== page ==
Stakeholders are persons of interest in a project. The opinion or actions of stakeholders would affect the success, decision processes, and failures of a project (Garrett, n.d.). This means that all the stakeholders must be brought on board for the proposed project to be successful. In relation to the Dental Caries among Adults with Low Socioeconomic Status Project, the primary stakeholders identified are local governmental bodies, local community leaders, the community, customers, media, volunteers, local municipality, donors, and NGOs.
The local government bodies would provide the coordination logistics, in terms of movement and approval of the medical camps before treatment of adults through the mobile clinics (Garrett, n.d.). The local community leaders must be put on board to make it easy to reach out to the community that is in need of treatment services since it is significant to win their trust for the project to be successful. The local community members must be brought on board to facilitate the process of reaching out to the targeted customers and to protect the interest of the project from potential community rejection. The customers form the foundation upon which the entire project will function. Without customers, the project will be as good as dead on arrival (Garrett, n.d.). This means that the project facilitators must create clear strategies for reaching out to potential customers. Since the dentistry campaign will be based online, via social media, there is a need to create a strategic partnership with persons of interest within the media fraternity to facilitate the program. Volunteers are the agents of change that will propagate and facilitate the execution of the proposed project. This means that they have to be recruited and trained for the project to commence and remain viable (National Institute of Dental and Craniofacial Research, n.d.). The local municipality will be an important partner in facilitating the medical camps and coordinating the aspects of security to the medical team working in the mobile clinics. Lastly, the donors and NGOs will provide funding and logistics support to make the project viable. Since the proposed program requires funding to remain viable, the ability to form partnerships with donors and NGOs would determine the success or failure of the project (Garrett, n.d.).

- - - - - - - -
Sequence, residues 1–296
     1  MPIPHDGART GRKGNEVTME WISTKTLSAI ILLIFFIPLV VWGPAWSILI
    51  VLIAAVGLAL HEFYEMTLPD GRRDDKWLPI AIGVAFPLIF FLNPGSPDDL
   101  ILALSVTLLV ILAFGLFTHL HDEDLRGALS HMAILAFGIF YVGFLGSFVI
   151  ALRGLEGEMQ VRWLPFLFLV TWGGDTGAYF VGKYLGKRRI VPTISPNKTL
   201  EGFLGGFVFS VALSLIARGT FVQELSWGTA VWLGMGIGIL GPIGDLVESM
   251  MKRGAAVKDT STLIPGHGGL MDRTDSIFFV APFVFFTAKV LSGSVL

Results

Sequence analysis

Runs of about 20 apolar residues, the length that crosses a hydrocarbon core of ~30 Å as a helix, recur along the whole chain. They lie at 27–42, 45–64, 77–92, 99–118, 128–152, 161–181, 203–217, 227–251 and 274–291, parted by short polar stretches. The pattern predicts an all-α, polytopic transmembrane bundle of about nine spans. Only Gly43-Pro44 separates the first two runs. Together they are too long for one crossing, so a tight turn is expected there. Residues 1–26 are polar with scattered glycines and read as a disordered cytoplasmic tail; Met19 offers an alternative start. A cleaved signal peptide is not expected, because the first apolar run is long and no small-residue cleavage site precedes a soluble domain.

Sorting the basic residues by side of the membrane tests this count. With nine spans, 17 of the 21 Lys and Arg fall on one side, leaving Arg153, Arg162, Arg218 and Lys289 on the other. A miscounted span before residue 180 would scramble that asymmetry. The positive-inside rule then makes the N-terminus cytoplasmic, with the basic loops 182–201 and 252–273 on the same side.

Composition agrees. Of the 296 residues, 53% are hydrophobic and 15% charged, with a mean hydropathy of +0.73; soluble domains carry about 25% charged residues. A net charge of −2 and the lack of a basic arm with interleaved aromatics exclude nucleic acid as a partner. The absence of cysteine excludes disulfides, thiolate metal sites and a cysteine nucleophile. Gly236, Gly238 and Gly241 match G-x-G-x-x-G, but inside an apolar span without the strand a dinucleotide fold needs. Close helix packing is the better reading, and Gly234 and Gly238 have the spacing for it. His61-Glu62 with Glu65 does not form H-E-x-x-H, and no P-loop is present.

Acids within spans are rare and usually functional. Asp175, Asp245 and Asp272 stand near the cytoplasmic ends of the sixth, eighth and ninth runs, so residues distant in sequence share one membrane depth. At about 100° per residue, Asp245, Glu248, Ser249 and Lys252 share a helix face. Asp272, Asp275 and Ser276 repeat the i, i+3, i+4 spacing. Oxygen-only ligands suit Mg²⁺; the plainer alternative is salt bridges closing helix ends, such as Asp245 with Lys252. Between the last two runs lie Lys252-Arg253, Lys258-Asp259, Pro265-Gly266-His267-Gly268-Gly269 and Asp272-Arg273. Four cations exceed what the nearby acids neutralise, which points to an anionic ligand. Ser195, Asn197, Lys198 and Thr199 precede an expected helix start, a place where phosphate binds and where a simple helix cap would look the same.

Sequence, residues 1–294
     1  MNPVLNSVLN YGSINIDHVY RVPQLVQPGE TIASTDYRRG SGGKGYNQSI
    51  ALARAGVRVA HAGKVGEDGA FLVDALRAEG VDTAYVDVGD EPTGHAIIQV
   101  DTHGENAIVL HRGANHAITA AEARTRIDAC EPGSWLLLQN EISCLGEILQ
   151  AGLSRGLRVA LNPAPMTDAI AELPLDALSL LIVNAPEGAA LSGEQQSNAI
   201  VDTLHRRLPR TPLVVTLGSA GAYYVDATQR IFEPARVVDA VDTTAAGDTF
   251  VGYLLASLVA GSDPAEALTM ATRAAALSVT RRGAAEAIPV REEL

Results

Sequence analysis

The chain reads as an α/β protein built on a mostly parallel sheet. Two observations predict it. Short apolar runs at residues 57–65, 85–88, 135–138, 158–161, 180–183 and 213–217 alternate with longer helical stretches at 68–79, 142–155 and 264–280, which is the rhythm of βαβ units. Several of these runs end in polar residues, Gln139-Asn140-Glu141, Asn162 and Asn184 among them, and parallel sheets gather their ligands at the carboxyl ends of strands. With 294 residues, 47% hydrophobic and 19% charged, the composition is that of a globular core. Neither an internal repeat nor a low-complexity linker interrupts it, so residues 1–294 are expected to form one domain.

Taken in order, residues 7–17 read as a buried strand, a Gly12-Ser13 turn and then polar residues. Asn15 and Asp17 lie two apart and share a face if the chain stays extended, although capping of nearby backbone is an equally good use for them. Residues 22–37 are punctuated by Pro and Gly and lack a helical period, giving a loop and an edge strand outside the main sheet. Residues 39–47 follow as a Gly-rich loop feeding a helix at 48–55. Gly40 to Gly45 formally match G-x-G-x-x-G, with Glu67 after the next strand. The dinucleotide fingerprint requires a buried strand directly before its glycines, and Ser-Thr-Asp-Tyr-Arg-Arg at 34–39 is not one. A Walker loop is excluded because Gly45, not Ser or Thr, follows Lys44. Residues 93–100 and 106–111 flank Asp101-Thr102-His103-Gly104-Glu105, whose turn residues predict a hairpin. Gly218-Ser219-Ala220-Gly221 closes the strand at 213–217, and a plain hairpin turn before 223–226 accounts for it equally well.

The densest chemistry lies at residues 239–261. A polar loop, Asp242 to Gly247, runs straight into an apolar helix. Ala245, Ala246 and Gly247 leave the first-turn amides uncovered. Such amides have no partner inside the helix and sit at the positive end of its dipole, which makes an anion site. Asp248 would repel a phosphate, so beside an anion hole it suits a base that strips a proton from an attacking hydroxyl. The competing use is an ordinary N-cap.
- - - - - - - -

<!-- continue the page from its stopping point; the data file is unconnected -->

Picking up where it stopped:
The first strategy would involve reaching out to the community leaders to ensure that community acceptance and participation are assured. Once the trust of community leaders is established, it will become easy to reach out to the community and win them to support the project. The second strategy would involve appealing to the interest of the partners to ensure that they give unwavering support to the project (National Institute of Dental and Craniofacial Research, n.d.). The third strategy would involve drafting a memorandum of understanding with the donors, local municipality, and government agencies to guarantee a long-term partnership that is beneficial to them and the project (Association of State & Territorial Dental Directors, 2008).
An incident of withdrawal by a partner or partners would compromise the viability of the project, especially when the project committee cannot find a replacement in time. For instance, if a donor withdraws support, the gap left should be filled immediately or the project might collapse (National Institute of Dental and Craniofacial Research, n.d.). Due to competing interests among the community partners, lack of skills to manage the internal politics would compromise teamwork.
Association of State & Territorial Dental Directors. (2008). State and territorial dental public health activities: A collection of descriptive summaries. Web.
Garrett, M. (n.d.). Role of dental public health professionals in community alliances. Web.
National Institute of Dental and Craniofacial Research. (n.d.). Collaborative partnerships. Web.